There are other powerful images connecting Mungo to his namesake. So too, do the themes of justice and faith, and Glasgow – which operates as a character in its own right. The streets curl across the pages as Mungo wanders them. Young Mungo is another glorious tribute from Stuart to the city, but he doesn’t sugar-coat the violence that sectarianism has been responsible for. Through both Mungo and James’s relationship and Hamish’s Protestant gang waging war on Catholics, Stuart explores the impact of this division, one that still echoes in Glasgow today, while lamenting the loss of industry and its impact on multiple generations.

Fittingly, I finished Young Mungo while returning to Glasgow by train. As our cities blurred in my head and I reflected on what I’d just read, the woman sitting across from me had noticed what I was reading and asked me for my thoughts. She loved Shuggie Bain and was clearly still affected by it. This is something I’ve been struck by since Stuart’s debut was published – I’ve never met anyone who has read it and not been desperate to talk about it. His work is poetry, it’s tender, it’s beautiful in isolation, but I think it strikes a particular chord for people who know and love Scotland and especially those who know and love Glasgow.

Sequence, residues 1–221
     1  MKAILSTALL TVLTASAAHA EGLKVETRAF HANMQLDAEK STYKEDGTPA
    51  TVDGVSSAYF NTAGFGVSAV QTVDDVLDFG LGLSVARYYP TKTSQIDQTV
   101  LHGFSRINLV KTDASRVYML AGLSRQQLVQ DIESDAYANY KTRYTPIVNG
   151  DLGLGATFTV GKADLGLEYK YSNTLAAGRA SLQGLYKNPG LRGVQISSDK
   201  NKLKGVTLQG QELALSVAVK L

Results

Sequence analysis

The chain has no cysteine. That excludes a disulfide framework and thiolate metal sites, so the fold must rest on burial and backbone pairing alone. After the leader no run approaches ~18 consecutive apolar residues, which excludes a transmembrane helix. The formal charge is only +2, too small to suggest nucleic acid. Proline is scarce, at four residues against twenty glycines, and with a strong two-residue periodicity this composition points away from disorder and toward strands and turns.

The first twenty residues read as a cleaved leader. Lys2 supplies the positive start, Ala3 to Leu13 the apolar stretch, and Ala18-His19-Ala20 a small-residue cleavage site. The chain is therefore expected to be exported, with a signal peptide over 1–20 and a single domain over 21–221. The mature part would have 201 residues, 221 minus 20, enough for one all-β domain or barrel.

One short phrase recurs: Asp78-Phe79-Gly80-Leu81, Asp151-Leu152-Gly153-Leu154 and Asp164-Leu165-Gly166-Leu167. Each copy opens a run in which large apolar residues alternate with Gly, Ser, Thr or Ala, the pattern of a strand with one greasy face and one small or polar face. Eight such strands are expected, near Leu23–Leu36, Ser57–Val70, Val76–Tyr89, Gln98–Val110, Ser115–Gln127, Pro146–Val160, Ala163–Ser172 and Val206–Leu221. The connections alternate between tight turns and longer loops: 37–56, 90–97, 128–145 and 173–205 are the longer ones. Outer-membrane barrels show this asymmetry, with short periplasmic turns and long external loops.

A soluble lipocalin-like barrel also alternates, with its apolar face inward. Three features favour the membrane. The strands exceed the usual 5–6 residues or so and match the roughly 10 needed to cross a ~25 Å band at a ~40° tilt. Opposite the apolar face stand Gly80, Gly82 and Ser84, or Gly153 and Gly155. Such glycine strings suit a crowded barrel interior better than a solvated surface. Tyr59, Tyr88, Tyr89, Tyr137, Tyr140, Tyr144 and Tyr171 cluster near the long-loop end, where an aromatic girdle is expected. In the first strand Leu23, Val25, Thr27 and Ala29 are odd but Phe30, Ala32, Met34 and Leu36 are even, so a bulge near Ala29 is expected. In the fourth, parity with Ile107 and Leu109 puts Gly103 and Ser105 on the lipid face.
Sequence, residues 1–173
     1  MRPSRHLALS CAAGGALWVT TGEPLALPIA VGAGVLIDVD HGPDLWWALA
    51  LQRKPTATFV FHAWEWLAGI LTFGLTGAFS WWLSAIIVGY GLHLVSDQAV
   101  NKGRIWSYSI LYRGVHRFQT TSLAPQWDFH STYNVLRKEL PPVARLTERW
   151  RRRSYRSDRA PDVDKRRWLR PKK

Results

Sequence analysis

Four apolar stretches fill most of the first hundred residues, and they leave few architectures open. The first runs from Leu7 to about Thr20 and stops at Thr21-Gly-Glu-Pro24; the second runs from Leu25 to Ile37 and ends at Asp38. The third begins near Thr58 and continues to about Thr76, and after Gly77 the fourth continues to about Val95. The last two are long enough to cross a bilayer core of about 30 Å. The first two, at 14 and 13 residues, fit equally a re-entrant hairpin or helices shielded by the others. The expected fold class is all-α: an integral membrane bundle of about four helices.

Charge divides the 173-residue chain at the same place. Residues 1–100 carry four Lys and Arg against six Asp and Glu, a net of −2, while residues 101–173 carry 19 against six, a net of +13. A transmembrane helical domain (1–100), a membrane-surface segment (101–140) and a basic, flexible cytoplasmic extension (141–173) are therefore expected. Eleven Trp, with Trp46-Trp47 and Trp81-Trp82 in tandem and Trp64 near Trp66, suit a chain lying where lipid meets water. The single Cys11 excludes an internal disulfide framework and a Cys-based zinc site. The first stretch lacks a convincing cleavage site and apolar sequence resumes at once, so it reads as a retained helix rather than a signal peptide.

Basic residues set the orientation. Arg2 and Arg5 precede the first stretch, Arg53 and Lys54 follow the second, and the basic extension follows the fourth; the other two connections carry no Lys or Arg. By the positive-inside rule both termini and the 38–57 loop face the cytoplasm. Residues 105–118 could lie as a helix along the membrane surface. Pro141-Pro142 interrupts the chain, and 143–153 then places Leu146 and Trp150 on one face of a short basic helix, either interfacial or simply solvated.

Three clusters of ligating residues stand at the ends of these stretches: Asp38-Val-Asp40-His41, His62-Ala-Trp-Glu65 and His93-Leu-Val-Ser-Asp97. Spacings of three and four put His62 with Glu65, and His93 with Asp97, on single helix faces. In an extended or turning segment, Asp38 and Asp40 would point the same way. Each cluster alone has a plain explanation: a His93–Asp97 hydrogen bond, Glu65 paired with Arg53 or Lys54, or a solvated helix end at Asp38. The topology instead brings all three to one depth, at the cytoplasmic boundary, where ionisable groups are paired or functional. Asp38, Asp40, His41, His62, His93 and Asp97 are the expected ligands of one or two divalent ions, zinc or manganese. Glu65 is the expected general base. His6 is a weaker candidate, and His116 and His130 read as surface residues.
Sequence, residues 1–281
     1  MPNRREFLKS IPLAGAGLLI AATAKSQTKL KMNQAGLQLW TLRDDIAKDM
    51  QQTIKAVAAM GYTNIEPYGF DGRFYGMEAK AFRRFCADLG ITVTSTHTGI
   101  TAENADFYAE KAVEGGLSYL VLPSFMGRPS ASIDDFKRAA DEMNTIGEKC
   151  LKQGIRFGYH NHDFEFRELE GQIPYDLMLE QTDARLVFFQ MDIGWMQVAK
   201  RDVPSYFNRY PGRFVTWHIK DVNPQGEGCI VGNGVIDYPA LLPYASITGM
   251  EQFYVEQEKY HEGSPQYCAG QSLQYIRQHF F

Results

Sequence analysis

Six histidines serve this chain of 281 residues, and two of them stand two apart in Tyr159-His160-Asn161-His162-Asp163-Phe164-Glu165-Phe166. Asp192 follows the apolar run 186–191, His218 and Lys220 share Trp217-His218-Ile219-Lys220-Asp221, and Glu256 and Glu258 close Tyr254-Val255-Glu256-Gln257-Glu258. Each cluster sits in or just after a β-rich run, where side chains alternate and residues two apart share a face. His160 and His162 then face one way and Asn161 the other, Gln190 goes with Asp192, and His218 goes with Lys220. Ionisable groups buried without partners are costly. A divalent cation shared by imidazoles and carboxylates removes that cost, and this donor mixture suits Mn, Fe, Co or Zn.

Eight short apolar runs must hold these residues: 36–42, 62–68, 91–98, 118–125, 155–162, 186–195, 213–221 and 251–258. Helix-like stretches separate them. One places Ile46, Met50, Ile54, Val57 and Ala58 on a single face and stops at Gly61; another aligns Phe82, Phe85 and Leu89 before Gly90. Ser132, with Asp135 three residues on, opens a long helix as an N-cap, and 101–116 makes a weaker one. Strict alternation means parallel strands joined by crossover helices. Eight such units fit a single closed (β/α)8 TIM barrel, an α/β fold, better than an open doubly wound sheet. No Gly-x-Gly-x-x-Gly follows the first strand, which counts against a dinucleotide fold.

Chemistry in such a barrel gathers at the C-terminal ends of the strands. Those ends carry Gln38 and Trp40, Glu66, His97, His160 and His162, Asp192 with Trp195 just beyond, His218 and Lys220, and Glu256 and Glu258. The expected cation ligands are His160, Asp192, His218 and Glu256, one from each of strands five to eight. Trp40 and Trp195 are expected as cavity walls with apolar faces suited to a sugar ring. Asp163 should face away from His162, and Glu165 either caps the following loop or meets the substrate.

Readers see their families, their queerness, their struggles, and their city revealed on the page by Stuart. It’s tough but rewarding in equal measure. In both his books, Stuart tells stories that have been missing from the canon. He clearly cares about the world he’s creating, a world filled with characters and protagonists that are hard to forget, none more so than Young Mungo. Despite the hardships and horror, the fear and danger present in the novel, Stuart has captured what it is to love, in all its complex glory – and more importantly, what it is to hope.


Young Mungo by Douglas Stuart is published by Picador, priced £16.99.

Share this


Article: Tim Barrow on A War of Two Halves and Sweet F. A. click Article: Tim Barrow on A War of Two Halves and Sweet F. A.

‘When theatre and football combine, the results are extraordinary’


The Arena of the Unwell click The Arena of the Unwell

‘Am I paranoid, or are they really after me? I feel like we’re being hunted in here. This song has t …